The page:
SAP, Siemens Say EU Data Act Endangers Trade Secrets

German tech firms including SAP and Siemens have criticised the EU’s draft data regulations as endangering trade secrets, joining criticisms from US companies.

The EU’s Data Act, which is still being negotiated, seeks to create a framework for the use and transfer of information generated by devices in Europe.

Some of its provisions aim to place limits on the way that companies can transfer information internally across borders, a measure intended to prevent the information from being accessed by foreign governments such as that of the United States.

But the German firms focused on provisions that force companies to share data with third parties to enable them to provide aftermarket or other services.

Image credit: Pexels

‘Core know-how’

Those rules could endanger trade secrets such as “core know-how” and design data by forcing their discosure to third parties, the companies said.

“Effectively, this could mean that EU companies will have to disclose data to third-country competitors, notably those not operating in Europe and against which the Data Act’s safeguards would be ineffective,” the companies said in the letter addressed to European Commission President President Ursula von der Leyen, antitrust chief Margrethe Vestager and industry chief Thierry Breton.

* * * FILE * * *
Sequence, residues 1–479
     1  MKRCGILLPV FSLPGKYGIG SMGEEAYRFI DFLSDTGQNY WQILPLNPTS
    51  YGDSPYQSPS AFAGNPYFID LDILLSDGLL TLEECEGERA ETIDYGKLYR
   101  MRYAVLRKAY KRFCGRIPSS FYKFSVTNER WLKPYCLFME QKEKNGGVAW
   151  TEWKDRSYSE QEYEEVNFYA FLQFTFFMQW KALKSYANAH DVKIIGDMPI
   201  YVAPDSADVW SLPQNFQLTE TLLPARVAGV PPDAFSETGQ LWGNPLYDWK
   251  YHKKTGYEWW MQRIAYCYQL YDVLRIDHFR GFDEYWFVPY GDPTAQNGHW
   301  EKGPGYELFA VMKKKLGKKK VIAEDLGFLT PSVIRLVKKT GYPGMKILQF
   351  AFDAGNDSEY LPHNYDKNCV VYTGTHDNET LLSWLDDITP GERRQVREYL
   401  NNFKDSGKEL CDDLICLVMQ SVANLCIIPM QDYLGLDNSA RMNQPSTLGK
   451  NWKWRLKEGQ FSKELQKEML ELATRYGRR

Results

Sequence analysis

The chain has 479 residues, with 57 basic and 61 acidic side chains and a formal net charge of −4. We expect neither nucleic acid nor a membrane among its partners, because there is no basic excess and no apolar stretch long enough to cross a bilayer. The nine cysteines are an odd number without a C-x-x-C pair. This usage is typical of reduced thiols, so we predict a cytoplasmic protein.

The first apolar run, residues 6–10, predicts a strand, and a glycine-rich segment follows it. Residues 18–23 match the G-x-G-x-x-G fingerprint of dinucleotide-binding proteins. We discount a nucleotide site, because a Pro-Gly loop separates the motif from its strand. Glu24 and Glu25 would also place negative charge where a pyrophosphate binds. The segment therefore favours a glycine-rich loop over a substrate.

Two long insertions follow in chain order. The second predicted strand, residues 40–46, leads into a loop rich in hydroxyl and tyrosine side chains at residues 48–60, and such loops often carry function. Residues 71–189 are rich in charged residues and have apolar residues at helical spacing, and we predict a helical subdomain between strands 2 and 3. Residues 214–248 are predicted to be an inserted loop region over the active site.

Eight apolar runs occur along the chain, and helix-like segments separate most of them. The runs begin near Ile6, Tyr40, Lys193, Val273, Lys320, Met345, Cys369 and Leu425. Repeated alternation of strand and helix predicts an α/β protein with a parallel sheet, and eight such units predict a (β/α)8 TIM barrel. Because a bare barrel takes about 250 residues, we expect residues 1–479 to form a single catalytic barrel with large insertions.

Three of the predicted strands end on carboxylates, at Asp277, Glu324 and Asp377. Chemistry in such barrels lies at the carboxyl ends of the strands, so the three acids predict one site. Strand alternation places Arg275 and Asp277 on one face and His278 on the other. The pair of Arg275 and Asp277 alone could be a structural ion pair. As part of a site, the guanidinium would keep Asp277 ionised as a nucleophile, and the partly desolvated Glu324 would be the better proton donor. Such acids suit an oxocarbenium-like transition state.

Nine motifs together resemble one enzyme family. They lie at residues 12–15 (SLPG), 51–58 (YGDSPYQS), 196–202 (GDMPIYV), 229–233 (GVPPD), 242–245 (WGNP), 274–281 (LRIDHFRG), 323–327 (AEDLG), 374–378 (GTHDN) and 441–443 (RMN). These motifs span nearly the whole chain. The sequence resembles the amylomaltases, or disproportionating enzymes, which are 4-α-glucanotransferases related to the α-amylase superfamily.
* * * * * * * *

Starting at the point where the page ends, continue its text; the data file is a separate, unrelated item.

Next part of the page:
The 4 May letter was signed by the chief executives of SAP, Siemens, Siemens Healthineers, German medical tech firm Brainlab, German software firm DATEV and lobbying group Digitaleurope.

The letter asked for safeguards to be implemented to allow firms to refuse requests to share data that would endanger trade secrets, cybersecurity or health and safety, Reuters reported.

Sharing obligation

It also asks for the scope of devices covered by the legislation not to be extended.

The Commission said it is not trying to change European law on trade secrets.

“However, it’s important that trade secrets aren’t used as an excuse for not sharing data,”  Commission spokesman Johannes Bahrke told reporters.

“We have to find the balance there. And that’s exactly what we’re trying to do with the proposal on the Data Act. There are safeguards, so contractual and technical protections laid out in the Data Act,” he said.

The letter called for changes to a provision allowing customers to switch between different cloud providers, saying parties should be able to retain their freedom on agreeing contracts for different business cases.

Matthew Broersma

Matt Broersma is a long standing tech freelance, who has worked for Ziff-Davis, ZDnet and other leading publications

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